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Striking lecturers vow to fight for their jobs

Ntsebeng Motsoeli

MASERU — Striking lecturers at Limkokwing University of Creative Technology (LUCT) are in fighting mood.
On Friday they told the Sunday Express that lecturers who were brought in from Botswana last week are effectively here on “holiday” as they will not be allowed to set foot on the Maseru campus.
The threat comes as management shut down the university on Friday saying it needed time to fix the problems haunting the institution.
The university will be reopened on November 21.
The spokesman for the Limkokwing University of Creative Technology Academic Staff Union (Luctasu), Malefetsane Nchaka, said they were not going to allow the lecturers to “take over our jobs”.
“They are not going to teach our students. We won’t let them. We are not going to do anything harmful or hostile. But they are not just going to walk in there,” Nchaka said.
“The management was dreaming to call those teachers to take over our jobs. They should take this trip here as a holiday.”
Limkokwing university corporate secretary, Tefo Macheli, confirmed that the management had shut down the school on Friday.
“The management decided to close down the school to prepare for lectures to begin,” Macheli said.
But Seshophe Ramakoro the Students’ Representative Committee (SRC) secretary general told the Sunday Express that management had informed them in a meeting that they had shut down the school because students were planning to embark on a strike.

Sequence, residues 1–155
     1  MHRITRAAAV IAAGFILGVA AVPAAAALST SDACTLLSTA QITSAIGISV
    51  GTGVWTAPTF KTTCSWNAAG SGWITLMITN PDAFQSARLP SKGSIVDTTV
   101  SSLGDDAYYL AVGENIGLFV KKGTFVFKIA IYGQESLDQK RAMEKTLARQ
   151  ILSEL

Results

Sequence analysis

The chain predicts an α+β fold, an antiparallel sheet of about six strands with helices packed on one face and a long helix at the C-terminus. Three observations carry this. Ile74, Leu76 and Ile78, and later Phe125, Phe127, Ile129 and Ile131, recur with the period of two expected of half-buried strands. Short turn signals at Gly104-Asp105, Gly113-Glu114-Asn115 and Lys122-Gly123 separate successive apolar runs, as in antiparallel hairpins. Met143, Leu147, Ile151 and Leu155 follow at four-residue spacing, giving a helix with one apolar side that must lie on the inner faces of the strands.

“In a meeting on Friday, the management told us that they had sent back the Botswana lecturers who were here. They said this was for safety purposes,” Ramakoro said.
Ramakoro said they had also been told that only final year students will be allowed to come back on November 21.
“Students who are graduating in December and those who are going on internships in February are expected to start classes on the 21st (of November),” Ramakoro said.
He also added that the final year students will be expected to sign forms pledging to go back to lectures and be taught by any lecturers who will be available.
“Students were asked to fill the class continuance interest pledge forms that they will attend classes even if they are taught by substitute teachers,” Ramakoro said.
Macheli could not be reached for comment yesterday on the students’ claims.
Management at Limkokwing began bringing in lecturers from its sister campus in Botswana after local teachers downed tools in protest over working conditions last week.
But the decision to bring the lecturers has torched chaotic scenes at the Maseru campus as lecturers vowed to stop the temporary lecturers from conducting classes.

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